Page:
Interventions That Might (Possibly) Prolong the Human Lifespan
There are some interventions show promise of extending the lifespan in both animals and humans. Some promising ones include:
- Eating a high nutrient diet/low calorie diet (the CRON diet) (“Calorie Restriction with Optimal Nutrition”). Some people have committed to eating CRON diets for the rest of their lives, but even following one for a month can reset many of the markers associated with health and longevity. See article.
- Eating an Acciarolin diet (based on the cuisine in the village Acciaroli in Italy). The people in Acciaroli are over thirty times more likely to live to be 100 years old than those in other blue zones, and have close to zero rates of heart disease,. Alzheimer’s and dementia. They live longer in better health than anyone anywhere else in the world. The Acciarolin diet is similar in some respects to other Mediterranean diets — it’s rich in olives and olive oil, legumes and home-grown vegetables. But it also has some features which are very different. Key staples in the Acciarolin diet are rosemary, anchovies and sardines. They also raise their own chickens and rabbits, and eat a lot of rabbit meat, poultry and eggs. (They’re actually more omnivorous than other groups in the Mediterranean.)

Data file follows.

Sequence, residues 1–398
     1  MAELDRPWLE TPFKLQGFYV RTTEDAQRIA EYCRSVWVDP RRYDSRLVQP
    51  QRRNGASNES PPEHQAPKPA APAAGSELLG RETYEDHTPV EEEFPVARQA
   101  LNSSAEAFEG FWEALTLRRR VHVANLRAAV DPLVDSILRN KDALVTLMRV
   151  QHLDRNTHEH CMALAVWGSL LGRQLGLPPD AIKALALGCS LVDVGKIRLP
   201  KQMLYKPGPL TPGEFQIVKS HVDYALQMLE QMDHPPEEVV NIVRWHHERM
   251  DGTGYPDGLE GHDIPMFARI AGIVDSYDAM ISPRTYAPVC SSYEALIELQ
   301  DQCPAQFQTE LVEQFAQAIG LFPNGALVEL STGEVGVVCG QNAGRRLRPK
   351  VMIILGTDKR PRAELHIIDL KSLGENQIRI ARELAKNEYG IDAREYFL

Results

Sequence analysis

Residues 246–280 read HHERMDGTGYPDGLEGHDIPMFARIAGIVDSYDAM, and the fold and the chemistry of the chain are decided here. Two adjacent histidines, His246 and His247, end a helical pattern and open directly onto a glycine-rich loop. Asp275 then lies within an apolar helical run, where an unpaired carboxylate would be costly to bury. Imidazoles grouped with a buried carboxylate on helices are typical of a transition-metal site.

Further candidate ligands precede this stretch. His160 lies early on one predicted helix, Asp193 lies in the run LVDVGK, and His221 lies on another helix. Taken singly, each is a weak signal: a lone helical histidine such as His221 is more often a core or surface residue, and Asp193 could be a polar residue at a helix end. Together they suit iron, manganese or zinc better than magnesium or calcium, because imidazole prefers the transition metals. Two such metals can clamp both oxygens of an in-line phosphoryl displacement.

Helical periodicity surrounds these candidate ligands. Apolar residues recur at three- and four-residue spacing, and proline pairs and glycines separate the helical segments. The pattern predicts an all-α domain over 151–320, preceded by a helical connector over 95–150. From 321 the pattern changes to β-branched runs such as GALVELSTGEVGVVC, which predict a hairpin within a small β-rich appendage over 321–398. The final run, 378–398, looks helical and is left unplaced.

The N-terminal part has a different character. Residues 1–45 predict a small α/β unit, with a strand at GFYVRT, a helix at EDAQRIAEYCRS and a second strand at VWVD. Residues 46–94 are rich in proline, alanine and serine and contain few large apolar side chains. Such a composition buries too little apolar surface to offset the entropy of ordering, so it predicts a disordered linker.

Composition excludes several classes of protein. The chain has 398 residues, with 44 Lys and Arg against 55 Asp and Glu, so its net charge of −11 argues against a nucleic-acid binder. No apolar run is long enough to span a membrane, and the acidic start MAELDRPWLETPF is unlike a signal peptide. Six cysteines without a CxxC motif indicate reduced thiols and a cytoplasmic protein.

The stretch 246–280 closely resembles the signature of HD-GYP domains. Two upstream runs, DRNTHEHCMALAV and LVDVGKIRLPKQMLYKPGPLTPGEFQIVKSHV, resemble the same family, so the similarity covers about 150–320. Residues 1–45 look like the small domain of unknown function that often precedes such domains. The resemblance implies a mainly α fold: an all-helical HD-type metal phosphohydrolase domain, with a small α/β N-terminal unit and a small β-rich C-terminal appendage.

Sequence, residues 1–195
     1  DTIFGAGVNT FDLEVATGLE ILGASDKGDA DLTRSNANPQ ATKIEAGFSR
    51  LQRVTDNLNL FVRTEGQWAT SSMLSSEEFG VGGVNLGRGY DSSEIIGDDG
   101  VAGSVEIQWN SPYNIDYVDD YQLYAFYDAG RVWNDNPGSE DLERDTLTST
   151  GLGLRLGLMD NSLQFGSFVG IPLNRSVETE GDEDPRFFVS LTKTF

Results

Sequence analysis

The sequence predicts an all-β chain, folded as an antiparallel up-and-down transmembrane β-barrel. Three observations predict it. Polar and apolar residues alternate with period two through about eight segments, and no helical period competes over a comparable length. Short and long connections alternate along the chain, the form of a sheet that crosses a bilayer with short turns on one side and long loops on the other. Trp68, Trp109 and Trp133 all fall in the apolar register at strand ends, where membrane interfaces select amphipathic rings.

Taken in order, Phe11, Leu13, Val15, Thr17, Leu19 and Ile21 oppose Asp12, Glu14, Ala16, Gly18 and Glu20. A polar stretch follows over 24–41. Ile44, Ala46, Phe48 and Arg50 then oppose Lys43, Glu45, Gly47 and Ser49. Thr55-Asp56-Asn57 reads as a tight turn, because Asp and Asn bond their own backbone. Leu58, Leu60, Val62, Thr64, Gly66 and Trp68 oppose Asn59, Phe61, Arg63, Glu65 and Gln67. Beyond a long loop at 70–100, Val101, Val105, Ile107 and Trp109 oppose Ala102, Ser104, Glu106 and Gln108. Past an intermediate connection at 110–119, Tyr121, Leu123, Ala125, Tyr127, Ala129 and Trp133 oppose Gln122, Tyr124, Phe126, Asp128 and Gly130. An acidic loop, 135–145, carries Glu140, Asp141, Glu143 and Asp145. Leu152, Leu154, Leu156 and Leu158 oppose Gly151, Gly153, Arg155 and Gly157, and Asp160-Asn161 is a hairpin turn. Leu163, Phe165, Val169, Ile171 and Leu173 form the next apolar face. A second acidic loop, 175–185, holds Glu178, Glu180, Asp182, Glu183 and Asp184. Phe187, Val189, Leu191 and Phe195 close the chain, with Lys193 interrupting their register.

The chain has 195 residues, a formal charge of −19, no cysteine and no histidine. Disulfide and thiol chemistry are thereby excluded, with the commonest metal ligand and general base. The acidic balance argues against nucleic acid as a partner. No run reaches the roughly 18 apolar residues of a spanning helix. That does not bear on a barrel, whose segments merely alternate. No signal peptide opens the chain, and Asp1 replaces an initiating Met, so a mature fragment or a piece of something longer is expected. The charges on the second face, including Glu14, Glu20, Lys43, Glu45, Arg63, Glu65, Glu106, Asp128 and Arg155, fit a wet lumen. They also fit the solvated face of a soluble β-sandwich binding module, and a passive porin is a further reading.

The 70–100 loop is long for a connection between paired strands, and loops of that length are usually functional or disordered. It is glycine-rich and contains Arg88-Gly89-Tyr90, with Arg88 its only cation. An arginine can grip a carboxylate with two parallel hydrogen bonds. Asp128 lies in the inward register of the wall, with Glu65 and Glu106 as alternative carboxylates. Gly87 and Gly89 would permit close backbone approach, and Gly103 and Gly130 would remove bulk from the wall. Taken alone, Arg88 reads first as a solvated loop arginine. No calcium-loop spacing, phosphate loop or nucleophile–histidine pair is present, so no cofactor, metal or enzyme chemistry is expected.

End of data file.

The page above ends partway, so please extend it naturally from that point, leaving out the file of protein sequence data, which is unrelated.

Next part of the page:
- Taking breaks from eating. (Doing intermittent fasting, alternate day fasting, and/or occasional prolonged fasting,)
- Getting a healthy level of exercise (not too much, not too little) (High intensity interval training, resistance training and aerobics are all associated with delaying, and possibly reversing, some aspects of the aging process.)
- Dealing with emotional stress effectively (including reducing or eliminating stressors when possible)
- Heat and cold exposure (hot saunas and cold showers) (to activate the sirtuin genes)
- Boosting our levels of NAD+, glutathione, nitric oxide, the sex hormones, and other beneficial biological compounds that are high in young adults but become depleted as we age.
- Getting enough high quality sleep